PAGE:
Construction of Riverlee's $290 million urban precinct in Richmond known as Jaques has recently been completed, with the Fender Katsalidis-designed development also breaking the previous apartment price record of $3 million for the area. A Glen Iris couple paid $4.8 million for the top floor penthouse.
Bordered by Coppin, Highett, Griffiths and Palmer Streets, the Jaques precinct consists of 377 apartments and townhouses across five buildings set on the former Jaques Foundry, which occupied the space between 1885-1997 and from which the development takes its name.
Founded in 1885 by Edward Jaques who along with his family fled Revolutionary France, the company produced rock crushers for quarries, a specialty in which Jaques would become world leaders with their Palmer Street Plant in Richmond. Jaques machines are still an integral part of the mining and quarry industries with Melbourne’s City Loop employing Jaques burrowing machines to dig its tunnels.
The Richmond plant was eventually sold in 1997 when the company relocated to Clayton South, and it's the site's rich industrial heritage that served as the context for the design of Jaques development.
The factory’s original red brick tower graces the south-western entrance to the site and original drawings and blueprints for the manufacturing of the rock crushing machinery are showcased throughout three of the buildings which date back to as early as 1915, sharing the story of the past with the residents and community.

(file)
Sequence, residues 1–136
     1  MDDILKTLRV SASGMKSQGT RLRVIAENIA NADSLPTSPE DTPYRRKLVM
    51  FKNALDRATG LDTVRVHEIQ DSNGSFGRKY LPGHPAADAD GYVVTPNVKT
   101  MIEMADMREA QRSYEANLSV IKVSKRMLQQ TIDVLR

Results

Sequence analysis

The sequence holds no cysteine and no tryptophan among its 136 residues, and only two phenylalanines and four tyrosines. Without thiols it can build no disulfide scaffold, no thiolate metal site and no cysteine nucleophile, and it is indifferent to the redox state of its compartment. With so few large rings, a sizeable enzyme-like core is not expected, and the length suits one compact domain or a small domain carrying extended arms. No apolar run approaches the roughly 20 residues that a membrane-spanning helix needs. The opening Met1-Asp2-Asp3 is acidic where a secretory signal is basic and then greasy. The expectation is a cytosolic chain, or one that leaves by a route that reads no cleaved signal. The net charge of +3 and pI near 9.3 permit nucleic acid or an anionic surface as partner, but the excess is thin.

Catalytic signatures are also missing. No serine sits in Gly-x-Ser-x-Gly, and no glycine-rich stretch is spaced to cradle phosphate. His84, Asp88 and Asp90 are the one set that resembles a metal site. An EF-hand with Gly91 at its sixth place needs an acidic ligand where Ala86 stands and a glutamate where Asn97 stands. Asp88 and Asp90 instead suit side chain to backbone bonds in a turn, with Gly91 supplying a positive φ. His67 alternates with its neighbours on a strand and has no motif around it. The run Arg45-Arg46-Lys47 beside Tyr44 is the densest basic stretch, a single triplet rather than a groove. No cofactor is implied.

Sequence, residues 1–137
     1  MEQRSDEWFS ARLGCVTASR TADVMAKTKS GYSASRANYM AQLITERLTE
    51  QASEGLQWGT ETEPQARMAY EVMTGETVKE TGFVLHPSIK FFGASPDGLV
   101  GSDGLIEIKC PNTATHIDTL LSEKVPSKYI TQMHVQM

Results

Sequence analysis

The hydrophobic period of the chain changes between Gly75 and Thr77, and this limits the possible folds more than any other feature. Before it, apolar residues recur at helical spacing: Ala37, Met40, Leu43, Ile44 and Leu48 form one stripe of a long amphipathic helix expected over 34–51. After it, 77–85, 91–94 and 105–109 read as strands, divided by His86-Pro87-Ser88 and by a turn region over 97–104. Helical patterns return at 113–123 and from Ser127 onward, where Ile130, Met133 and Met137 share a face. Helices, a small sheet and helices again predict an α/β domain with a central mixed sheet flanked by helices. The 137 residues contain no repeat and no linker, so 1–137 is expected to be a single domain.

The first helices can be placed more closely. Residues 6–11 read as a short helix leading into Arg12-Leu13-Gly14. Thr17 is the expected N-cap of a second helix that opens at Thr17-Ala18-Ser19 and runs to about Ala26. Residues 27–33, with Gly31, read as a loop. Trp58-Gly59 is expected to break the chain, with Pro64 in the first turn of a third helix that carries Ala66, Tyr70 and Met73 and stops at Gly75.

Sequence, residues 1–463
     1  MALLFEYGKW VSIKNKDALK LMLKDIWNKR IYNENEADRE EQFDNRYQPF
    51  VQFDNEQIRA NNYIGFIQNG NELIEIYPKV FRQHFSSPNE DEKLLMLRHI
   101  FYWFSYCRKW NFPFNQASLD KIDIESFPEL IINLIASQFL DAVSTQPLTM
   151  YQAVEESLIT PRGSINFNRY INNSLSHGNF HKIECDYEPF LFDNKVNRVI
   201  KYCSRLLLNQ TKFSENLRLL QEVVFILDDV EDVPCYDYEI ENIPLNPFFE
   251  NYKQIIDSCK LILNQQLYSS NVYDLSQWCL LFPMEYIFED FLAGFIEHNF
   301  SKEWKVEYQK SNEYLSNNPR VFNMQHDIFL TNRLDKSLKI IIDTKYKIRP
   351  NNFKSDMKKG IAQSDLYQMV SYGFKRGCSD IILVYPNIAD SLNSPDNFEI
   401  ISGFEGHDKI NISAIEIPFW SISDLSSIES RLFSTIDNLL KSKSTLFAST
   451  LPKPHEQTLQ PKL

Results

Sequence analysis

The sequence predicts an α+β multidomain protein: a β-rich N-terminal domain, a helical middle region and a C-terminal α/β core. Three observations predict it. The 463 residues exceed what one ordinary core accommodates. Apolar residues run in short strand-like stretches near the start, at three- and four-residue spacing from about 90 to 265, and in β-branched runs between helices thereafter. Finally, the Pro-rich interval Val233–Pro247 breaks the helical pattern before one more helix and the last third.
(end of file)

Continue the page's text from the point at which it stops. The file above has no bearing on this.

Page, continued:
The development has proved to be a hit with the downsizer market seeking large apartments, resulting in over 20 buyers combining apartments to create more spacious residences.
Residents at Jaques value the connected location and high quality design with premium finishes and materials used throughout. Jaques has set a benchmark for urban design that respects heritage and contributes to the suburb’s sense of community with its boutique retail offering featuring Richmond’s newest eatery hotspots.Kristine Lee, spokesperson, Riverlee Group
In March, legendary Richmond footballer Jack Dyer was honored with a street named in his memory within the project’s island site, bounded by Palmer, Coppin, Highett and Griffiths Streets.
Dyer Street will soon be home to Jamu, the newest venture from the people behind A Thousand Blessings. Jamu, meaning “to feast” in Malay, will focus on good quality food inspired by the diverse flavours of Asia and using local ingredients and produce in an industrial setting.
A Japanese diner serving unique traditional lunch and dinner dishes with a modern touch will also open within the retail precinct. Itadakimasu will be a family-style restaurant with yakitori bar seating, standard seating, and traditional seating with floor cushions.
In June the Dyer Street retail laneway welcomed boutique hair salon, Frankie Salon, which will soon be joined by The Richmond Dentist, a dentistry and cosmetic clinic which is set to open later this month.